Annual Reminders, 50th Anniversary

Click here for information about the block party on July 5.

picket plaqueAnnual Reminder Logo 2015Philly Pride, together with other groups in our community, will be remembering and celebrating the 50th anniversary of the 1965 LGBT picketing at Independence Hall, and will be making it the centerpiece of our 2015 PrideDay Gay Pride Parade and Festival, June 14, 2015.  Just a short three weeks later the Independence Hall picket will be reenacted on  Saturday, July 4, 2015, and we will have a special event, the Annual Reminders block party, on Sunday, July 5, 2015, in the heart of the gayborhood. HISTORY:  On July 4, 1965, and for the next four years, gay rights activists gathered outside Independence Hall in Philadelphia carrying picket signs and demanding legislation that would secure the rights of LGBT Americans. Referencing the self-evident truth mentioned in the Declaration of Independence that “all men are created equal,” the activists called for legislative changes that would improve the lives of American homosexuals. Activist Craig Rodwell conceived of the event following an April 17, 1965 picket at the White House led by Frank Kameny and members of the New York City and Washington, D.C. chapters of the Mattachine Society, Philadelphia’s Janus Society and the New York chapter of the Daughters of Bilitus. The groups operated under the collective name East Coast Homophile Organizations (ECHO). It was called the “Annual Reminder” to remind the American people that a substantial number of American citizens were denied the rights of “life, liberty, and the pursuit of happiness.” picket 1964 Enthused by Rodwell’s idea, ECHO put together the first Reminder picket in just over two months. Thirty-nine people attended the first picket, including veteran activists Frank Kameny, Barbara Gittings, and Kay Tobin. As with the Washington, D.C. picket Kameny insisted on a strict dress code for participants, including jackets and ties for the men and dresses for the women. Kameny’s goal was to represent homosexuals as “presentable and employable.” pride 11early pride 9 The pictures to the left show veteran activist Barbara Gittings (wearing the required dress) at the Annual Reminder picket.  The second picture is Barbara speaking at the first Philadelphia gay pride event in 1972.  Barbara was honored when Locust Street was renamed “Barbara Gittings Way.”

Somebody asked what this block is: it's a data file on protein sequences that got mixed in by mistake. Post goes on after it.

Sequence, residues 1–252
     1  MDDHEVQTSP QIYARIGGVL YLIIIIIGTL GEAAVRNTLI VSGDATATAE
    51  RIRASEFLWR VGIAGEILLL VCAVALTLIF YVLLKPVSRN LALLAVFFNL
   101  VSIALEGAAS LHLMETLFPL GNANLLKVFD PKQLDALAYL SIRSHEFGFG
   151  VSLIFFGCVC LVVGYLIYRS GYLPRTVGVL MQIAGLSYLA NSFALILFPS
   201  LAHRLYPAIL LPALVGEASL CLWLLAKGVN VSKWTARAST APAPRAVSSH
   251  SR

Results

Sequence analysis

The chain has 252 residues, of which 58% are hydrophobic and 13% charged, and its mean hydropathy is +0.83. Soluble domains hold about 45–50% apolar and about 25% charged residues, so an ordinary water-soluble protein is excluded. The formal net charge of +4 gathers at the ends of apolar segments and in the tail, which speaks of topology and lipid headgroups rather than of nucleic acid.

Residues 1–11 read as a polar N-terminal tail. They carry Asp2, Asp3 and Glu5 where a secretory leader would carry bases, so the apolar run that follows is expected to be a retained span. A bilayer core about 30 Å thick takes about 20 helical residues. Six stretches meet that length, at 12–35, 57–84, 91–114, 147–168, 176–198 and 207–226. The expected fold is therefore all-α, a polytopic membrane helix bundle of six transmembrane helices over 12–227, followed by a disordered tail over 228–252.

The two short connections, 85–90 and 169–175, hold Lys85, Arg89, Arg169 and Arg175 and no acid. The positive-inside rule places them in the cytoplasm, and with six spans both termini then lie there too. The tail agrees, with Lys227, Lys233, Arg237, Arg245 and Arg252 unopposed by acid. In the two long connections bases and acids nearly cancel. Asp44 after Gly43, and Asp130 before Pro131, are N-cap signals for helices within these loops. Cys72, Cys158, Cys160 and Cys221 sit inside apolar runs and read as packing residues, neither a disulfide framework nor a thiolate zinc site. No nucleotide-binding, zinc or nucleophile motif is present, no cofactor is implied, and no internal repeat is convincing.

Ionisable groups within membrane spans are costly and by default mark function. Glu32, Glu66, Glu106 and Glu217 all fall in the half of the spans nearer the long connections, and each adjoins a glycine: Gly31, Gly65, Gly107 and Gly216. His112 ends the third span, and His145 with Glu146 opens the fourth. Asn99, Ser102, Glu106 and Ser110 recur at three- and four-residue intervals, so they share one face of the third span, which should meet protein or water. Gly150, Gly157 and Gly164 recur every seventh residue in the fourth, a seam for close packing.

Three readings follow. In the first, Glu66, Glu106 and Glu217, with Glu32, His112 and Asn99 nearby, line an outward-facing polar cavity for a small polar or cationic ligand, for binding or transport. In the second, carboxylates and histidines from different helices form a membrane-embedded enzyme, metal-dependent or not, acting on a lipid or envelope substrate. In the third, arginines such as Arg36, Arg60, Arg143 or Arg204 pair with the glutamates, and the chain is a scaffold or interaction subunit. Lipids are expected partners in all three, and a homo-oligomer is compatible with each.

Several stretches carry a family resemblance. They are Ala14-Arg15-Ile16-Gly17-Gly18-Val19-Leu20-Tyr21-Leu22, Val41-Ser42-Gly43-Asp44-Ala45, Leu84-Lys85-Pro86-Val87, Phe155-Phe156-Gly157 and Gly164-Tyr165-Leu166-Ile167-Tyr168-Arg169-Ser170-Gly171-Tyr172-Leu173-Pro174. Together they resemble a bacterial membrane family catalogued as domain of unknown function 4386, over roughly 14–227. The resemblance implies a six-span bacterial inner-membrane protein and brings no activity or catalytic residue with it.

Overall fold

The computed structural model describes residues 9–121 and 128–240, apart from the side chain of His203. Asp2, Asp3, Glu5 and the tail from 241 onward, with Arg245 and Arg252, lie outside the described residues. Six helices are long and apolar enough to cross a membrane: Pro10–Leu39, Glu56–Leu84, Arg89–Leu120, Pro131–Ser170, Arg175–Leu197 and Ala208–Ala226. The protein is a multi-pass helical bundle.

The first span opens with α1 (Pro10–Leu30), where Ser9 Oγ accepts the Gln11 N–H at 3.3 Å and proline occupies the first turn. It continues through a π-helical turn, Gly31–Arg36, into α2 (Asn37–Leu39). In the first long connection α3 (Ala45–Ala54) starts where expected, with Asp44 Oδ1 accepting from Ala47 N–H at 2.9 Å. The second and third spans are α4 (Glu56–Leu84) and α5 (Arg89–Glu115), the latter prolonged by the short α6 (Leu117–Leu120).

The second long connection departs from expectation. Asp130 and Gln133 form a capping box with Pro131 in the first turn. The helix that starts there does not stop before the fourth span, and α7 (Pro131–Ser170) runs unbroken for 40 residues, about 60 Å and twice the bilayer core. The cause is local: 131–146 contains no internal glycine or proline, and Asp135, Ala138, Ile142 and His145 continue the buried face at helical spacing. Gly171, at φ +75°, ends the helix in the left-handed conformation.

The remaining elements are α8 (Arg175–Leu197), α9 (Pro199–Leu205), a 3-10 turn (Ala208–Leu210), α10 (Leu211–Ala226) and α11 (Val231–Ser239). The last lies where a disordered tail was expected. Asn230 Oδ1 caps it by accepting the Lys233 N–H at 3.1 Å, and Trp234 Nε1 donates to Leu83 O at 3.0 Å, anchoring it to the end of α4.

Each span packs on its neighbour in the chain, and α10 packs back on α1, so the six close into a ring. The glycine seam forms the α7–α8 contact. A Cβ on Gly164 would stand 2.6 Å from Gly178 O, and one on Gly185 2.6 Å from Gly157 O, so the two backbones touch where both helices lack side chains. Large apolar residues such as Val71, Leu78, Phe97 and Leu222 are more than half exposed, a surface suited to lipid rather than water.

As a gay pride organization, Philly Pride tracks its history to the New York Stonewall riots of June 28, 1969, and the first gay pride parade to memorialize that event one year later, June 28, 1970 (which is why gay pride events are typically held in June). The sequence of the Annual Reminders was as follows:
annual reminders collageJuly 4, 1965
July 4, 1966
July 4, 1967
July 4, 1968
The Stonewall Riots, June 28, 1969
July 4, 1969

Therefore, the last Annual Reminder took place less than a week after the June 28 Stonewall riots. Rodwell received several telephone calls threatening him and the other New York participants, but he was able to arrange for police protection for the chartered bus all the way to Philadelphia. About 150 people participated. The Annual Reminders were commemorated in 2005 by the placement of a Pennsylvania state historical marker by the Pennsylvania Historical and Museum Commission at 6th and Chestnut Streets where it is viewed by thousands of visitors daily:  “these [Annual Reminders] and the Stonewall riots of 1969 . . .  transformed a small national campaign into a civil rights movement.”
Click here for information about the block party on July 5.